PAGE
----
My Obsession With Missing Persons

My Obsession With Missing Persons

My Obsession With Missing Persons

My mother read me Miss Nelson is Missing! before I achieved literacy. The story is about a good, sweet, conventionally pretty teacher whom the children she teaches all take for granted. Then she goes missing and a cruel, ugly substitute teacher named Viola Swamp shows the children how easy they had it with Miss Nelson. “Is she the same lady, just dressed different?” I asked my mother. Toddler me had a mind for solving mysteries.

“Yes!” Mom said. “Aren’t you clever?”

Not really. The clues are strewn all over the pages, including a pair of incriminating shoes.

The case of the missing Miss Nelson was not much of a case, then. There were others to fill that gap: Adam Walsh, the six-year-old boy who was shopping with his mother at the mall and then disappeared. I was six when he was six. I lived in the aftermath of his disappearance and the photos on milk cartons and the very special TV episodes he inspired, plus Stranger Danger talks at school from the local police. Don’t go anywhere with a stranger. Scream. Ask for help from a cop. Resist. Have a secret password only you and your parents know, to use with trusted family friends.

Adam Walsh, abducted and murdered, was found sixteen days later, or rather, part of him was, in a canal. The missing boy was missing no more.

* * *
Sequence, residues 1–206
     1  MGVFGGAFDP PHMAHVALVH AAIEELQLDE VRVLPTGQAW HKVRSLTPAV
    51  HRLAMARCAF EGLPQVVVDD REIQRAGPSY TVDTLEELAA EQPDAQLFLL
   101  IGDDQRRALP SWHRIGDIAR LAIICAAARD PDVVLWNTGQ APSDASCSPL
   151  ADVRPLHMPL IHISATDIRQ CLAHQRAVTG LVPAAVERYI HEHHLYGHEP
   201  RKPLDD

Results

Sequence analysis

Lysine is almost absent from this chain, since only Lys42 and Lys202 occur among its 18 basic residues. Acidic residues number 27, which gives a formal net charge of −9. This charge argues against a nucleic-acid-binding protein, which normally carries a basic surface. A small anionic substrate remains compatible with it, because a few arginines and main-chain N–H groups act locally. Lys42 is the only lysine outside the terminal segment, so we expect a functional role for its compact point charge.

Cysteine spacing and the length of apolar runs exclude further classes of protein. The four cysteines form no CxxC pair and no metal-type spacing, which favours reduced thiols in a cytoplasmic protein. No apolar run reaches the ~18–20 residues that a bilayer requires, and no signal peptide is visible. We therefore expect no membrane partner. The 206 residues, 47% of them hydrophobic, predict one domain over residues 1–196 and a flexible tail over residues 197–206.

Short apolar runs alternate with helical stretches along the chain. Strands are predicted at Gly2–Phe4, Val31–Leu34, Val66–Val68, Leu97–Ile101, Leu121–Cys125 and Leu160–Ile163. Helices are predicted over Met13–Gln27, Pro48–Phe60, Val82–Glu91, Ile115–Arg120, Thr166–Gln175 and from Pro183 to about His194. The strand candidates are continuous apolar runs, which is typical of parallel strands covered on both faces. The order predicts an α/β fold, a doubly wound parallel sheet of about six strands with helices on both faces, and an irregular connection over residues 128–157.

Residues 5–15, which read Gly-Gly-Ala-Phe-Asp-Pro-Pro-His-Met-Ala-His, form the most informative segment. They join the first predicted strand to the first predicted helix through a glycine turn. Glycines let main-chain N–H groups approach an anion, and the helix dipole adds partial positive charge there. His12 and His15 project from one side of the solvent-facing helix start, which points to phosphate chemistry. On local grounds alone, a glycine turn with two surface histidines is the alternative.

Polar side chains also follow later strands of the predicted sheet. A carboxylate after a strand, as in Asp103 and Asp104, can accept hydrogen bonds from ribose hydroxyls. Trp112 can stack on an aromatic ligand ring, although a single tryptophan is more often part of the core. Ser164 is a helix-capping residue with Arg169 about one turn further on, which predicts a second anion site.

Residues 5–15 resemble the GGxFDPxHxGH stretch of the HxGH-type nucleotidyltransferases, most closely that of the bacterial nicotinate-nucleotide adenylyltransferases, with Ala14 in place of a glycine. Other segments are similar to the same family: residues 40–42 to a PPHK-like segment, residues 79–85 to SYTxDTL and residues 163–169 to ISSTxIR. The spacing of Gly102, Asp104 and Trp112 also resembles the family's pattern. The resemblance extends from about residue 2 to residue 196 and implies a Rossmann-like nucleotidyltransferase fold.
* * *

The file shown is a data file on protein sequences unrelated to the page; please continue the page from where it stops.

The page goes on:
But what of those they don’t find? This is a question that perturbs me. What is it like to lose someone and never know what happened to them: where they went and with whom; are they dead or alive? These are stories with multiple endings, so many endings, because they are all conjecture. Truth, in the absence of a body or a confession, cannot be known.

I don’t like not knowing the answer to a question. For me, the very notion of not knowing what happened to someone I love would be awful. Is that why my mind has brooded on the topic so long? Minds are wonderful that way, rolling around in your dark fears the way dogs roll around in road kill. It was only a matter of time until I wrote a book featuring a missing person and then did it again, differently, because an obsessed mind is a difficult thing to sate.

There are so many questions to be answered in a missing persons case. The most obvious: where is she? But also, why did she disappear? Was she abducted? Was she afraid? How did it happen? When and where and why? Perhaps she hit her head and has amnesia and has no idea who she is or maybe her creepy ex kidnapped her. And the more time passes, the more possibilities open.

When someone disappears from your life, their story ends at the moment. Any future moments are unknown to you and so the stories you have of them loom larger than they would’ve have because they are the only tales you have. Small moments (a bad report card, a prize won at the fair) become worn and shiny from repeated handling. This, as a storyteller, fascinates me. How we remember things, how we talk about those memories, and how precious they become when there are fewer of them.